Expanding Earth theory

growing earth theory (expanding)

The Expanding Earth theory (Growing Earth theory) with various geological and visual interpretations to consider, has some intriguing ideas.

  • The continents form a nearly perfect Pangea supercontinent on a planet 80% its present diameter, on our present size globe there are gaps.
  • expanding earth theory growing

  • Geology suggests that all the ocean crust rock is 200 million years young or younger. Covering about 2/3rds of the planets surface, with new basaltic rock extruding out and spreading from the middle of the oceans floors.
  • The Earth's continents appear to fit together on a much smaller planet, to form a 'supercontinent' that would be the whole Earth's surface.
Pangea seperationintro thumb

In geology, a supercontinent is the assembly of most or all of the Earth's continental blocks or cratons to form a single large landmass ... Supercontinents have assembled and dispersed multiple times in the geologic past.

Supercontinent names: Ur (Vaalbara), Kenorland, Protopangea-Paleopangea, Columbia (Nuna), Rodinia, Pannotia, Pangaea.
Supercontinent | That Wikipedia

Ocean floor rock is new, thin and different

Most of our globes actual surface, differs to land rock. Peer reviewed theories also state relatively not very thick. Dating techniques suggest it is very very fresh.

is the earth planet still growing expandingOceanic crust underlies most of the two-thirds of the Earth’s surface which is covered by the oceans. It has a remarkably uniform composition (mostly 49% ± 2% SiO2) and thickness (mostly 7 ± 1 km).

The ocean floor is the most dynamic part of the Earth’s surface. As a result, no part of the oceanic crust existing today is more than 200 million years old, which is less than 5% of the age of the Earth itself.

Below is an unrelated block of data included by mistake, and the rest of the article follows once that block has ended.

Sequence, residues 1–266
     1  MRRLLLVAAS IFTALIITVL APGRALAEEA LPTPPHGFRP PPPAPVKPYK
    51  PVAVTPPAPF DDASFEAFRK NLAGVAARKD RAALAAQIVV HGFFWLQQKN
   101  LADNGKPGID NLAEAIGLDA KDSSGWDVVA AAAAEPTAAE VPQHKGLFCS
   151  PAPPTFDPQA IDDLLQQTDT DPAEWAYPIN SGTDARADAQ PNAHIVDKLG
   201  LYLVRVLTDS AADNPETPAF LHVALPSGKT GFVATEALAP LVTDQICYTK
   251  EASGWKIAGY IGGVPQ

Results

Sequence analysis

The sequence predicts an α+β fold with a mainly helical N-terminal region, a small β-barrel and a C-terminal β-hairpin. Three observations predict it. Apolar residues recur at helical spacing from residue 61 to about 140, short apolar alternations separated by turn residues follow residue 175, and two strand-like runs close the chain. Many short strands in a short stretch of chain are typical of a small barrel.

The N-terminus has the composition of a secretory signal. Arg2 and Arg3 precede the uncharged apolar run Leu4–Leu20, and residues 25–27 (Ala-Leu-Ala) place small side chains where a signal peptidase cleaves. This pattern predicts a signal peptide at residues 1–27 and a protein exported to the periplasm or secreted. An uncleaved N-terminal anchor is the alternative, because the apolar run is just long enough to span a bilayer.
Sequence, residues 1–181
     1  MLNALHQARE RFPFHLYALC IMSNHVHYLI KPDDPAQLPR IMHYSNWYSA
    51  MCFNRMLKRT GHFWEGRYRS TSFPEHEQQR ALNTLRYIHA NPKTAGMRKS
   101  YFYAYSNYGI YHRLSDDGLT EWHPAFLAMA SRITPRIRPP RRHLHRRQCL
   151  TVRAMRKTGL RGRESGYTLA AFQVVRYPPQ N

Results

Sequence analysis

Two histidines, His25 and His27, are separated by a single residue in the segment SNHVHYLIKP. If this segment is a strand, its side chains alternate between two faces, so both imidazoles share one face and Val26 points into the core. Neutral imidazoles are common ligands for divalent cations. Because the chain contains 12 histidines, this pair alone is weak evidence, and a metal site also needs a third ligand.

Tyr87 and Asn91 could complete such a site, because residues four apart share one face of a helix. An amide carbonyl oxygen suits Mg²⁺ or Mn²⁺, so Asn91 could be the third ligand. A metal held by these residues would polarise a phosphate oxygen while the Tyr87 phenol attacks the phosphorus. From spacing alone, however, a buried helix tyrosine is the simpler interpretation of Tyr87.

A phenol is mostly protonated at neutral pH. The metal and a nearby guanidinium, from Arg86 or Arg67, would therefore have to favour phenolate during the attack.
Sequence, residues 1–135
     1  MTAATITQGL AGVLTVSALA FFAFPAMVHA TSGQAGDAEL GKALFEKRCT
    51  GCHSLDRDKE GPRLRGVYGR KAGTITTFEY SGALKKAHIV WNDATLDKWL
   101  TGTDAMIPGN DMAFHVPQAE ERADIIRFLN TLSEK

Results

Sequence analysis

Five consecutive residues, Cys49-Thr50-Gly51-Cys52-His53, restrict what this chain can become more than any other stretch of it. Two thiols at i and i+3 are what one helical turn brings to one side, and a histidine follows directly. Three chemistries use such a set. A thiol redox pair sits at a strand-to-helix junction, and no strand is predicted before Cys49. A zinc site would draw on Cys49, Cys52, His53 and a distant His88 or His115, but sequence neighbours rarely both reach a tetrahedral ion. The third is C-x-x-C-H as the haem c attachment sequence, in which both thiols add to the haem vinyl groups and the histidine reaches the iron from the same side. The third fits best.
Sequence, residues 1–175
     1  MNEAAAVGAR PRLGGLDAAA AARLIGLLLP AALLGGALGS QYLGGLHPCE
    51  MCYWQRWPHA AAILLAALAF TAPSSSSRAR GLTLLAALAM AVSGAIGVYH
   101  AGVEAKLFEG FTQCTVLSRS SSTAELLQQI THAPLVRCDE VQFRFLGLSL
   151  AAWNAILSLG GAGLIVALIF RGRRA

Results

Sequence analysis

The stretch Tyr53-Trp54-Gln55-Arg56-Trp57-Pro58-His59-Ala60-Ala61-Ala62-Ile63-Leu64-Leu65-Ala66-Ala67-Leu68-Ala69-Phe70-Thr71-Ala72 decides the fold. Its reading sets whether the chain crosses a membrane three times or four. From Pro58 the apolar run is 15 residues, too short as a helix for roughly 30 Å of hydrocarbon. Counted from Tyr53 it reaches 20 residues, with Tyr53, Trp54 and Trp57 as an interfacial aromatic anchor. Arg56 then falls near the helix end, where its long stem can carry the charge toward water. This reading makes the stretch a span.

British Antarctic Survey - Oceanic Crust

In a thought experiment what could happen if the Earth grows or expands?

Articles considering, in theory, a globe expansion interpretation. Could material and life from the formation of the planet, and just after, have survived these processes?

Growing Earth Theory (Expanding Earth Theory)

Growing Earth (Expanding Earth hypothesis) suggest that instead of the supercontinents theory the planet has expanded from its original supercontinent that was the whole Earth's surface, or, fitted together better on a planet with a smaller volume.

Over the centuries there have been a lot of theories about a hollow earth and an expanding Earth and how or what processes could cause a planet to grow.

The free video below is by Neal Adams, who has rebooted the hypothesis and discussion/arguments about if the Earth has expanded in the past. Neil Adams has his own unique ideas about the mechanics of how the planet could have grown. They are not necessarily what others who are interested in exploring the idea of the possibility of a reduced or increased planet diameter.

Expansion and contraction pains?

Could the planet have had periods of increasing its size, decreasing its surface area, expanded, got smaller ... a few times to explain multiple supercontinents and orogeny (mountain building periods)?

Exchanging Earth

expanding earth energy puzzle space tornadoesBut how or what would trigger, cause, energise an Expanding Earth? What processes or mechanism could help with a Growing Earth?

Could the energy and perhaps if extra mass is needed, come from what seems to be planet Earth receiving and exchanging energy and molecules/matter with our Sun and perhaps in a circuit with our solar system?

With the other solar system bodies such as planets, moons, active asteroids and comets part of a plasma circuit and solar system engine?

Click for the Exchanging Earth introduction or for a list of all the XEarth articles (blog).

  • Kelas Keles

    I have a question that is quite interesting about how the earth is expanding. I had the assumption that if the earth expands due to space also expands. It is connected with the big bang theory. if the assumptions that have the possibility?

    • Tark McCoy

      Probably not. I think it’s more a matter of hot, compressed matter being expelled into a low pressure environment. This would allow material within that lava to boil, creating a more foamy rock as it cooled. This would displace more space than the (pressurized) liquid lava it came from.